Fostering customization is a facet that is often neglected by developers, being as it tends to come with extra overhead cost. However, the loss of the potential benefits should not be taken lightly. When crafters can tailor the stats or appearance of their items, it greatly increases their engagement in the activity. Dropped items, by their nature, come as they are. When recipes also have locked-in stats, it seems to be a missed opportunity to differentiate those items from drops.（source:gamedesignaspect）
So what’s the role of crafting for developers?
It adds legitimacy to the game
It’s a sad fact that many developers include crafting in their game simply because they are expected to by the outside world. This leads to poorly designed systems that are added seemingly as an afterthought and can end up dragging the game down.
When designing in a genre where player retention is vitally important, developers should think carefully about their audience while considering crafting systems. If the game is meant to appeal to a specific player type, for instance casual or combat-oriented players, it may be possible to leave out crafting but include features that create similar benefits. Otherwise, if it’s decided that including crafting is indeed required, it should have the proper attention and budget allocated to it or players won’t use it, making it a wasted effort.
It gets players to spend more time playing
The goal of any system in an MMO should be to engage players and keep them willing to play the game over a long period of time. Crafting offers a form of character advancement that, when combined with combat advancement, creates plenty of motivation to spend time in the game.
When taken too far, this concept may lead to the addition of artificial time-sinks to crafting systems. Unnecessary grinding, long progress bars, and harsh penalties for failure may require the player to spend more time crafting, but at the cost of increased player frustration. Too much frustration, and there’s a chance they will stop the activity entirely. Avoid this by ensuring there’s always a sense of progress for the player. Perhaps the items they grind are ingredients for recipes down the line or components for other tradeskills. Perhaps advancement is based on experience rather than random skill-point increases.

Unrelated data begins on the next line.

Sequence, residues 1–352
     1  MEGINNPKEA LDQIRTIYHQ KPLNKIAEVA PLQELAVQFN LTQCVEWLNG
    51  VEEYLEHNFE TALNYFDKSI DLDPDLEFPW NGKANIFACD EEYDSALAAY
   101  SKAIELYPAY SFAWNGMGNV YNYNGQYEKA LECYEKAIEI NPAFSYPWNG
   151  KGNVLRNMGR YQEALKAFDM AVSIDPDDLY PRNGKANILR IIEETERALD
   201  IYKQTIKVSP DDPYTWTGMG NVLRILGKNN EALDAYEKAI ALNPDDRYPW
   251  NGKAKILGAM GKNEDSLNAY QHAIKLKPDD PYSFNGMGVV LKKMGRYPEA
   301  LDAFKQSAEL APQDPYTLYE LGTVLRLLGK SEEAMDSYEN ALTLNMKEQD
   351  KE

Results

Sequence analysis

It creates interdependency between players
MMOs, being multiplayer games, should of course include mechanics that foster player interaction and cooperation. Crafting systems are an effective way to do this. They allow players to create and enhance items for others, and promote the sharing of resources and materials.
A great way to create more cooperation between players is to include recipes with rare dropped components or ingredients crafted from other tradeskills. However, these recipes should be special exceptions that produce extra-useful items. Don’t require too much collaboration for basic items and especially not for regular advancement in the skill, or players will become frustrated at the extra time and money costs.
It promotes a strong economy
A strong economy increases player engagement and, if the developer so desires, can be a source of income if real-money trading of in-game currency is allowed. Crafting is a major source of trade between players. Additionally, it creates value in all those skins, fangs, gems, and other drops that would otherwise be merchant fodder. Merchant-bought components can help remove currency from a mostly positive-sum money system, reducing inflation.
Use crafting to promote the economy by first and foremost making the results of recipes worthwhile for all kinds of players. Then, create a variety of sources for ingredients: merchants, drops (rare and common), resource nodes, and other recipes. Create demand by designing ingredients to be useful in multiple recipes, and maximize the number of drops that are useful in at least one recipe.
This is by no means a comprehensive list of all the ways to create a successful crafting system. Nor should all the tips here be included in the same game. Developers should instead prioritize their goals while thinking carefully about the goals of their audience. That way, they can craft a system that satisfies the needs of everyone as best they can, creating a stronger game in the end.（source:gamedesignaspect）